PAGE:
1. That’s not only cheap, it’s pretty gross. I wouldn’t do it because I wouldn’t use a towel that hadn’t been laundered first. Think how many people handled that towel. EW! Secondly, now someone else will be buying their “used” towels. EW again! Please, people, if you can afford the towel, just buy it and use it and you’ll have it for later! Thank you! 🙂

    • I’m so glad I’m not the only one who feels that way. My skin was crawling. At first, I thought, oh what a sweet memory. And then I read the fact that they used the towels and put them back and just shuddered!

  2. Have to come down in agreement with you, ladies. Frugal is making the most of your money. Cheap is using something that doesn’t belong to you. and foisting it off on an unsuspecting person.

  3. I agree. Frugal is being sensible. Careful with your money and not wasting money, but aldo willing to spend when you need to. Being cheap is where you refuse to spend money on things that are desperately needed even when you have that money available.

  4. “If you don’t know who Giuliana Rancic is, that’s OK. I spent fifteen minutes Googling her after this article started trending on Facebook, and I’m still not sure I really get the whole picture.”

    I do not know who that is, either. But the way you explain that? You’re “a woman after my own heart!”

  5. I’ve been called cheap by many of my college friends. They didn’t understand why I still lived in my frat house basement ($425 a month FTW) after I got my first engineering job out of college. They didn’t understand why I drove a 15-year-old car until it died. They didn’t understand why I brought in lunch every day instead of spending $10 on somethinga fancy. They still don’t understand why I max out my 401k and Roth IRA.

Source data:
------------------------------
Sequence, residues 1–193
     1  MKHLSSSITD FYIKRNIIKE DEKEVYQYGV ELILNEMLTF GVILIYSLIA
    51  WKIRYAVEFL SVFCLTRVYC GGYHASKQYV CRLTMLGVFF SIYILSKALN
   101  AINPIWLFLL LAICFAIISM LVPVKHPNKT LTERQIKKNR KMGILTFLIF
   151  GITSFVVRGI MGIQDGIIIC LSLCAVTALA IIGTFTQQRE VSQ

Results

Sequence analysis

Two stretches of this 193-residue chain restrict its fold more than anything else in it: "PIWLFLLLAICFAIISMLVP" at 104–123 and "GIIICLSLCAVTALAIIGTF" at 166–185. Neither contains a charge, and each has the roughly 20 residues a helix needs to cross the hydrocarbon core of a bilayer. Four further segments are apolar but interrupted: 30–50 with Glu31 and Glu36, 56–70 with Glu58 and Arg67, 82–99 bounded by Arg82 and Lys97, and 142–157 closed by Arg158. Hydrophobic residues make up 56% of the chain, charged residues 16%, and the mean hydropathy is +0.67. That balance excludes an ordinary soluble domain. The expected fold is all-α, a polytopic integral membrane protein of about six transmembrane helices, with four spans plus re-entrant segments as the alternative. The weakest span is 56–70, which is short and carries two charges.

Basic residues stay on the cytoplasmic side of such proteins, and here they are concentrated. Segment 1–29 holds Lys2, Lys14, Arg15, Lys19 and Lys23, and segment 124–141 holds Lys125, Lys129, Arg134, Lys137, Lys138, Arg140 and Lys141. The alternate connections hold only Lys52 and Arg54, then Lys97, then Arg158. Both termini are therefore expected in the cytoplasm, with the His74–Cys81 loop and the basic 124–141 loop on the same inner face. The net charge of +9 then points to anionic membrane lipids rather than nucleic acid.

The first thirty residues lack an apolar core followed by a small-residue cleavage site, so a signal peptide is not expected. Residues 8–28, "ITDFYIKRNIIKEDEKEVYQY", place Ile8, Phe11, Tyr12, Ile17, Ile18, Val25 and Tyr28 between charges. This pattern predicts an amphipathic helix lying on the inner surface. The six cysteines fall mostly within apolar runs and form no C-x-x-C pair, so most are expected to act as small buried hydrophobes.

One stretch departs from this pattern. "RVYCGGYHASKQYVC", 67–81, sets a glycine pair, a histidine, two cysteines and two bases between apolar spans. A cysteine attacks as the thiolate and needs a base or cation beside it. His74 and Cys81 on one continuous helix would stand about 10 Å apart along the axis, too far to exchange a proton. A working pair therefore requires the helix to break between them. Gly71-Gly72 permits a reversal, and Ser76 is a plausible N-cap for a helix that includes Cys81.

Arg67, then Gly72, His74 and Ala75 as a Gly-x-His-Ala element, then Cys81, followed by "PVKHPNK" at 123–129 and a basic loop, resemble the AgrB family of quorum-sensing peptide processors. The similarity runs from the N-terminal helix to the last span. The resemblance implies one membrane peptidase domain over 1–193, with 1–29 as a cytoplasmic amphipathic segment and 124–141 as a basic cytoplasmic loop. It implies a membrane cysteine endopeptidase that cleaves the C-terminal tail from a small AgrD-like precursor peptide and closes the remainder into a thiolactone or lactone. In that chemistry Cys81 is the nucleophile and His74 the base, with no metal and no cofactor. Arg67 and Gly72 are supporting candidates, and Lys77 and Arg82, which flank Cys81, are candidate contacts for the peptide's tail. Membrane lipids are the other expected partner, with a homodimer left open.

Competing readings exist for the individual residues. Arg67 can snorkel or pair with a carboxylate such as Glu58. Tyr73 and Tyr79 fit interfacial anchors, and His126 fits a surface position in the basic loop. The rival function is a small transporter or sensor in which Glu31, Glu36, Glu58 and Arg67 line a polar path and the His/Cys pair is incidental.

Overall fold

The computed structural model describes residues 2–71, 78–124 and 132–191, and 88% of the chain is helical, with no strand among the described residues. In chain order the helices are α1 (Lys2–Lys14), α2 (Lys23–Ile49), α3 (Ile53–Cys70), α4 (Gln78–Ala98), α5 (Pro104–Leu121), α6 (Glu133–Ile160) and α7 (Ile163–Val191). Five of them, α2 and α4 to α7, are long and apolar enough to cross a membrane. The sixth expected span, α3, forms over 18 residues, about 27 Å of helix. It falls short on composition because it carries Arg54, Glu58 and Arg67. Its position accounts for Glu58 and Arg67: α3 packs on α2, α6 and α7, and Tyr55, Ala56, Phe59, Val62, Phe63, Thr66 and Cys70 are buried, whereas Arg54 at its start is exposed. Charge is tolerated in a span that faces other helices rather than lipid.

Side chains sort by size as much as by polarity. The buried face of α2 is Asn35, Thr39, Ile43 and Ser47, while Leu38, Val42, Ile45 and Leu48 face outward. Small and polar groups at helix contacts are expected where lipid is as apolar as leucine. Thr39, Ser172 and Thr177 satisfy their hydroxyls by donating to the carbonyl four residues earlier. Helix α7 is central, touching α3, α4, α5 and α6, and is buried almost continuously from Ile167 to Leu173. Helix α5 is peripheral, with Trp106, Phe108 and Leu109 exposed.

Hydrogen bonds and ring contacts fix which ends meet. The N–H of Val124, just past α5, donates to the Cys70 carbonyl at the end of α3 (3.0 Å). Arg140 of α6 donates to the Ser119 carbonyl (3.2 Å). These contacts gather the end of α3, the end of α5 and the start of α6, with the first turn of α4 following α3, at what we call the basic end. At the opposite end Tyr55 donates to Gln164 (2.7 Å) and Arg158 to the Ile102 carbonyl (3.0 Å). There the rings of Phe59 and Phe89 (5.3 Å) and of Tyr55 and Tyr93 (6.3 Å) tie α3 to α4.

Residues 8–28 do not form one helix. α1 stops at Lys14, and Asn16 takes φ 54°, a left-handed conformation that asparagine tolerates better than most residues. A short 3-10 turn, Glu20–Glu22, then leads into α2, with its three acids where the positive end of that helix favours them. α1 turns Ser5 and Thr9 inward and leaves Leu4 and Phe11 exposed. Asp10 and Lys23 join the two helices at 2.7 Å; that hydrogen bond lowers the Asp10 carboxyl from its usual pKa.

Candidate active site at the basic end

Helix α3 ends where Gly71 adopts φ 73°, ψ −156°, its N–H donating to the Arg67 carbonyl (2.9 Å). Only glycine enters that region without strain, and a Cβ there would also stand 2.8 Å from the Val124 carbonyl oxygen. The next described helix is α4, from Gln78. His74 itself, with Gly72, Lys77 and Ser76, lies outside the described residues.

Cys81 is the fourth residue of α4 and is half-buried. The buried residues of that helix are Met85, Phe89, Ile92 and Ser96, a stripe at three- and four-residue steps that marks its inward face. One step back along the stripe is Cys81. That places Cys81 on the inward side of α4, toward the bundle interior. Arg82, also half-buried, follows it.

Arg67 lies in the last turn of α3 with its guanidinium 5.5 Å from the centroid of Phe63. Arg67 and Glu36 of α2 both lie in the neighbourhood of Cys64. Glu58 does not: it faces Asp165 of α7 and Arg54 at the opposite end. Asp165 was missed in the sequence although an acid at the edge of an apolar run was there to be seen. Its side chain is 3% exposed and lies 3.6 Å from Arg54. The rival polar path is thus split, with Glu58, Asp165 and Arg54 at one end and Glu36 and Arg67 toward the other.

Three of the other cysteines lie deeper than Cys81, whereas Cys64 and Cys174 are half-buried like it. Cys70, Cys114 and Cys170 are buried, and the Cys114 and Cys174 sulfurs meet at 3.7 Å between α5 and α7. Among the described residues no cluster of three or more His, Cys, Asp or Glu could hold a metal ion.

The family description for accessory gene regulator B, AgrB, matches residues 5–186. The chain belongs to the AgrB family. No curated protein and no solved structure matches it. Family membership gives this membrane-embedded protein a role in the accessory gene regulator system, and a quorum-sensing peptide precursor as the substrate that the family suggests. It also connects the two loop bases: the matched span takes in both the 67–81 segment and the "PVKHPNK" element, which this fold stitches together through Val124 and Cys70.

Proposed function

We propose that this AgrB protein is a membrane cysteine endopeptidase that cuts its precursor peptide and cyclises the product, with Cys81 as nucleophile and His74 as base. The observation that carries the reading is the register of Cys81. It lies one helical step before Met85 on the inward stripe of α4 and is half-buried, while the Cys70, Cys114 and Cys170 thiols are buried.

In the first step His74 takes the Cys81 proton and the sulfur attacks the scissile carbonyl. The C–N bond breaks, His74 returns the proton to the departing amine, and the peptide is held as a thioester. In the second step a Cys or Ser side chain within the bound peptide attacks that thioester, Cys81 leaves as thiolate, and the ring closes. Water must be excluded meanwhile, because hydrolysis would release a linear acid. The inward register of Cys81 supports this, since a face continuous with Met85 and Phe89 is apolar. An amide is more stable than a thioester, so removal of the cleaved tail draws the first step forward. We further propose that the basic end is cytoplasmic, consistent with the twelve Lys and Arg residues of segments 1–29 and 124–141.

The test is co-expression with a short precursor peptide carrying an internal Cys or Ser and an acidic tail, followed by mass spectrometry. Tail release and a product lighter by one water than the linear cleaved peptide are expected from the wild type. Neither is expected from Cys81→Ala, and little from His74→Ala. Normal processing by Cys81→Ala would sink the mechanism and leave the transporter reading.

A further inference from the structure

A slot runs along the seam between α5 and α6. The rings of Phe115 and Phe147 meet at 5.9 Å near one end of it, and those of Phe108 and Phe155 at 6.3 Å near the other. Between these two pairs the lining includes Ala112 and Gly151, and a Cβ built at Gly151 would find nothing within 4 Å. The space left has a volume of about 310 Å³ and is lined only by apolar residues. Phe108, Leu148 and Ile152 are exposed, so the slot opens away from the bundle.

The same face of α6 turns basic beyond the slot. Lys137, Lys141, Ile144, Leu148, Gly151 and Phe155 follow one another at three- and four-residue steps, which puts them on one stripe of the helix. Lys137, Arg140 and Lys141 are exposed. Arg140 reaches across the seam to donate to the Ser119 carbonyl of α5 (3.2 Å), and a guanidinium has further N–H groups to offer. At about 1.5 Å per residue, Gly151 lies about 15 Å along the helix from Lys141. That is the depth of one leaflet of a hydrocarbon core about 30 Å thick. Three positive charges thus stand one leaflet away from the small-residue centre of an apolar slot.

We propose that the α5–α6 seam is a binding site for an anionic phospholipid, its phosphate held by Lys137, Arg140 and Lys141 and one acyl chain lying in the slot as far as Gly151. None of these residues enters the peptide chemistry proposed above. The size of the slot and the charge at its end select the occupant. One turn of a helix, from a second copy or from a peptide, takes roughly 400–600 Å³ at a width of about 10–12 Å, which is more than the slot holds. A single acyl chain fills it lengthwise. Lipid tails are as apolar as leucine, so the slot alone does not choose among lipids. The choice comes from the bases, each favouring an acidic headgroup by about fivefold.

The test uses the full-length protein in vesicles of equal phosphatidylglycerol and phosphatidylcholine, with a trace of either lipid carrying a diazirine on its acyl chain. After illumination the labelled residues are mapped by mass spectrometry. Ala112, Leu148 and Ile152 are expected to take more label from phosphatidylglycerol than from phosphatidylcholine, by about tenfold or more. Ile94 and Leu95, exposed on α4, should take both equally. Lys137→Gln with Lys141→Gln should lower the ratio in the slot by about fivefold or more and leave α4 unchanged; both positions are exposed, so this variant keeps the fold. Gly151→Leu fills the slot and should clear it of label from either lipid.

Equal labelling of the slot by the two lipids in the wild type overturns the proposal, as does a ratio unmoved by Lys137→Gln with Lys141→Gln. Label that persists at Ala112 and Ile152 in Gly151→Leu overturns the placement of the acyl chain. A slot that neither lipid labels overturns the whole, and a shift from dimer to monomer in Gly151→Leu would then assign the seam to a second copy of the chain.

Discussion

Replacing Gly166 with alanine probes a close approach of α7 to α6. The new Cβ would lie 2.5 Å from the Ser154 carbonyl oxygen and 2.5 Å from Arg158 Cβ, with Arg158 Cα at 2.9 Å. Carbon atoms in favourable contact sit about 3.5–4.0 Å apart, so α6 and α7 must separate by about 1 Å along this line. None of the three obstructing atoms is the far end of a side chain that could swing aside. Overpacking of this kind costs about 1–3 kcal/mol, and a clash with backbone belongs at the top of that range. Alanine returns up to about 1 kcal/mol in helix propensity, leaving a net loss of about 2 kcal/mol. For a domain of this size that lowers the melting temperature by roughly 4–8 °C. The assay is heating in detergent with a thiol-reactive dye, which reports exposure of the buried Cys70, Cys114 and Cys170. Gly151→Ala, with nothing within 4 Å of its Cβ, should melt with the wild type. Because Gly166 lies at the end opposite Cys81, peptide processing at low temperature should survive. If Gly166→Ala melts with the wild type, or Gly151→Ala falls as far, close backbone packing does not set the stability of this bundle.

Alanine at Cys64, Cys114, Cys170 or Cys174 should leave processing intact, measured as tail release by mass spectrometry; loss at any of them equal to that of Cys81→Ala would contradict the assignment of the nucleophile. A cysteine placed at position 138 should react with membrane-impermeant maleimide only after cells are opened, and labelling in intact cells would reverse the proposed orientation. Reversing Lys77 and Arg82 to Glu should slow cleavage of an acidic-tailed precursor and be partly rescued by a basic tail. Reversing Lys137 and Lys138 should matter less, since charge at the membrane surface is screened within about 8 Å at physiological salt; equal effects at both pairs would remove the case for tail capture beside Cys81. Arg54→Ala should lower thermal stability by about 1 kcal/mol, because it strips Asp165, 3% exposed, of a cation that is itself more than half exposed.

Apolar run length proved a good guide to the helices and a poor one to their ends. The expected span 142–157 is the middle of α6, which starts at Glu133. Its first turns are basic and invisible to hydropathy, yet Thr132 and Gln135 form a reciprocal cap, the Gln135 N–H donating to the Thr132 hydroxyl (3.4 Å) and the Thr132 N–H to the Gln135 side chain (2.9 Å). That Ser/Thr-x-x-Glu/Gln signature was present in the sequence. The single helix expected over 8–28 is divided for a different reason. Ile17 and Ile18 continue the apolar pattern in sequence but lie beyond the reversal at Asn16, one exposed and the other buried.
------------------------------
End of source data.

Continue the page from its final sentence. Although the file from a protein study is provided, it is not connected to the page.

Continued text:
I’m definitely not cheap, if I want something, I generally buy it. I always leave at least a 20% tip at restaurants: I’d be extremely upset if a child didn’t get to eat dinner because I’m a snob and it took 2 minutes to get my sparkling water instead of 1.

    But am I frugal? I’m trying to get there. I definitely spend way too much money to be frugal. Right now I’m considering buying $100 rock climbing shoes, and shelling out $80 a month for a climbing gym membership. I could at least find a gently-used $30 pair on CraigsList.

    The difference between cheap and frugal is a mindset. Someone who is cheap won’t spend money because they value money. Someone who is frugal thinks about what value spending money will produce, and then makes a decision. Case in point: a cheap person will spend $50 on hiking boots, leave the tag on, and return them after their trip; a frugal person will research hiking boots, find the best value, pay $100, and use them for a lifetime.

    • That’s a great way to put it, David. Sometimes I fall into the cheap category…like when I refuse to buy new shoes so long that I cause back pain. But I also try to be really mindful of how my money impacts other people. I can’t stand not tipping. I’d rather stay home and eat.

  6. Using the towels in a store and putting them back wet isn’t frugal and it isn’t cheap – it’s a crime. That may sound harsh, but it’s the truth. Using someone else’s property or merchandise without their permission and to their detriment isn’t a “hack”- it’s illegal and unethical.

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